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|man pages section 1M: System Administration Commands Oracle Solaris 11.1 Information Library|
- server for storing private encryption keys
keyserv [-c] [-d | -e] [-D] [-n] [-s sizespec]
keyserv is a daemon that is used for storing the private encryption keys of each user logged into the system. These encryption keys are used for accessing secure network services such as secure NFS.
Normally, root's key is read from the file /etc/.rootkey when the daemon is started. This is useful during power-fail reboots when no one is around to type a password.
keyserv does not start up if the system does not have a secure rpc domain configured. Set up the domain name by using the /usr/bin/domainname command. Usually the svc:/system/identity:domain service reads the domain from /etc/defaultdomain. Invoking the domainname command without arguments tells you if you have a domain set up.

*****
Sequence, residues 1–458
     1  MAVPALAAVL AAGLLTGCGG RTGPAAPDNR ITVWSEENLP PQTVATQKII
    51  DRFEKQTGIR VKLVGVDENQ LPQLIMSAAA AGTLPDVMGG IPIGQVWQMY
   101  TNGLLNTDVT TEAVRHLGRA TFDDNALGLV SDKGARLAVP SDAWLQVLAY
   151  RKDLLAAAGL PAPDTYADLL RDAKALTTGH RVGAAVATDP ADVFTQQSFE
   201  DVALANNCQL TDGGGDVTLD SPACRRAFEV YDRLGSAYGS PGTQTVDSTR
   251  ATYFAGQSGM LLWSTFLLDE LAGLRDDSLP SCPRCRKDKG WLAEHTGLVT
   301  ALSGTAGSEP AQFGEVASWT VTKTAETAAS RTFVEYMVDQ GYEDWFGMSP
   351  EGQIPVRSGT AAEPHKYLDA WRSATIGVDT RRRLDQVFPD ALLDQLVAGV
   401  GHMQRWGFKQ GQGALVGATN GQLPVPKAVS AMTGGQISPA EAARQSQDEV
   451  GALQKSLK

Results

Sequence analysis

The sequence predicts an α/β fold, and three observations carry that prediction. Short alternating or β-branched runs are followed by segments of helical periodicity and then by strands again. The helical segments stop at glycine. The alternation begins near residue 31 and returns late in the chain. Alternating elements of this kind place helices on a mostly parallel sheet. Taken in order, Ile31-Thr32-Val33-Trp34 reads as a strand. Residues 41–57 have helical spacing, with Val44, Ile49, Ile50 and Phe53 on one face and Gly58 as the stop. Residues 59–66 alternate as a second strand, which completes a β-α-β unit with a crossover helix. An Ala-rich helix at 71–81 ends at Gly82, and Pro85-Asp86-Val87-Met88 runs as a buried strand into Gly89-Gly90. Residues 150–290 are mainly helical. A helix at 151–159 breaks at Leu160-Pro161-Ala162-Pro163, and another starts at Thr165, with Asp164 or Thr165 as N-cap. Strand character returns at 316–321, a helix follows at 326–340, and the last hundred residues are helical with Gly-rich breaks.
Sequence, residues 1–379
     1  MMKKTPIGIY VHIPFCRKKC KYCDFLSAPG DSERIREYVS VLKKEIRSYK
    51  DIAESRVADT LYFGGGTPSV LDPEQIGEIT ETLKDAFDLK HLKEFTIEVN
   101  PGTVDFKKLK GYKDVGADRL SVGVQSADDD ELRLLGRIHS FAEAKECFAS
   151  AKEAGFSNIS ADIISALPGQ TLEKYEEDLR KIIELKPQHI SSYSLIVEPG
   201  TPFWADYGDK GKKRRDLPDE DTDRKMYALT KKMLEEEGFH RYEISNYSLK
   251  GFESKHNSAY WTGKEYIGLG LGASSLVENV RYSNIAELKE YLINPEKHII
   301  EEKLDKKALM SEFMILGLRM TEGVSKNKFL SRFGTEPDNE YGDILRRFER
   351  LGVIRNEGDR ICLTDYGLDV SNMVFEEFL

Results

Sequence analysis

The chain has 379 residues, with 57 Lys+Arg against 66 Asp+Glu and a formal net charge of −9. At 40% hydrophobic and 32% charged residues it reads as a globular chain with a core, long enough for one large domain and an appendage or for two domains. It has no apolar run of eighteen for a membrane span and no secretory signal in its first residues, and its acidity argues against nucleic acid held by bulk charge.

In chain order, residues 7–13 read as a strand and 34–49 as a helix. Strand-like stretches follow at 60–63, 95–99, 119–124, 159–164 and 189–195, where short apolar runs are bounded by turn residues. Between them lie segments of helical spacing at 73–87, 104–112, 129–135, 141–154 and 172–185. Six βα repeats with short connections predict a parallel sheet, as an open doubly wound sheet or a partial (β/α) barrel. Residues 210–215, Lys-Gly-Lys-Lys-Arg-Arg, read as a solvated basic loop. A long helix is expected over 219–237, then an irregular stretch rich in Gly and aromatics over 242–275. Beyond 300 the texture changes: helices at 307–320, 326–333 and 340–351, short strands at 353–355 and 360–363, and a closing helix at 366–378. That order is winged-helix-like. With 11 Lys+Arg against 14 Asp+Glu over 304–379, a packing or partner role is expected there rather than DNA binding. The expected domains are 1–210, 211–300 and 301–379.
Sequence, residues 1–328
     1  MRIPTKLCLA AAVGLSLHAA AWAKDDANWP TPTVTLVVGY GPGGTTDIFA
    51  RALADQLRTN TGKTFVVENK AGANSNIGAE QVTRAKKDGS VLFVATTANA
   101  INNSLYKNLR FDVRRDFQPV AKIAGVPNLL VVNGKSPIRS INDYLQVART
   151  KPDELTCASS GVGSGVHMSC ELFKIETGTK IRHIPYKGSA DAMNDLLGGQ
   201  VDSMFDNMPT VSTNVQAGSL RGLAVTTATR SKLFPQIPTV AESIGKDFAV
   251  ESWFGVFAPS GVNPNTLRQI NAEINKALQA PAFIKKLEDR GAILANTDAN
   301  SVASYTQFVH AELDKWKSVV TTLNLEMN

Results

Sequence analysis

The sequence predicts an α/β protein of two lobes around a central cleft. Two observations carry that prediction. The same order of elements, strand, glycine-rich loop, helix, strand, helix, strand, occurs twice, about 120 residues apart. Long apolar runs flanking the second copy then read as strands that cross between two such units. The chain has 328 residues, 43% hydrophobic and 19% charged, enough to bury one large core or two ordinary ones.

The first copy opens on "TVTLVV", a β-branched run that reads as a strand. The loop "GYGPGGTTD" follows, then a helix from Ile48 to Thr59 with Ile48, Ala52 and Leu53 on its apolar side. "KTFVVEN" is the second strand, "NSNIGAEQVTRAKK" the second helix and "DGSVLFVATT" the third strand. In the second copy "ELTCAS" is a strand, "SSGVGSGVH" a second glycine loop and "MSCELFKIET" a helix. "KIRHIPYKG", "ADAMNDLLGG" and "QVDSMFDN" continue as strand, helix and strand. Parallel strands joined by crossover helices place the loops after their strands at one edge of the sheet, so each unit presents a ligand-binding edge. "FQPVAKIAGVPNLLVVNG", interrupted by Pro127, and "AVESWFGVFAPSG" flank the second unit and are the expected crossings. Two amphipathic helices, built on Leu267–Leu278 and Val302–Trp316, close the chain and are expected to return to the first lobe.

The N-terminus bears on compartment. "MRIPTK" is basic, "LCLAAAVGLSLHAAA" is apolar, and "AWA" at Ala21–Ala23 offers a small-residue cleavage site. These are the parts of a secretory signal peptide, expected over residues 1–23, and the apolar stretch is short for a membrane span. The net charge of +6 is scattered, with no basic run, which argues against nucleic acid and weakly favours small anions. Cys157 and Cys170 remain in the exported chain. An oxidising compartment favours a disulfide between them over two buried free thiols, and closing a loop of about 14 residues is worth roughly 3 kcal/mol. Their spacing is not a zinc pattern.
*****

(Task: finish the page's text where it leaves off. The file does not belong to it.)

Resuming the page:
The /etc/default/keyserv file contains the following default parameter settings. See Files.
Specifies whether default keys for nobody are used. ENABLE_NOBODY_KEYS=NO is equivalent to the -d command-line option. The default value for ENABLE_NOBODY_KEYS is YES.
The following options are supported:
Do not use disk caches. This option overrides any -s option.
Run in debugging mode and log all requests to keyserv.
Disable the use of default keys for nobody. See Files.
Enable the use of default keys for nobody. This is the default behavior. See Files.
Root's secret key is not read from /etc/.rootkey. Instead, keyserv prompts the user for the password to decrypt root's key stored in the publickey database and then stores the decrypted key in /etc/.rootkey for future use. This option is useful if the /etc/.rootkey file ever gets out of date or corrupted.
Specify the size of the extended Diffie-Hellman common key disk caches. The sizespec can be one of the following forms:
size is an integer specifying the maximum number of entries in the cache, or an integer immediately followed by the letter M, denoting the maximum size in MB.
This form of sizespec applies to all caches.
Note that the des mechanism, AUTH_DES, does not use a disk cache.
Contains default settings. You can use command-line options to override these settings.
See attributes(5) for descriptions of the following attributes:
The keyserv service is managed by the service management facility, smf(5), under the service identifier: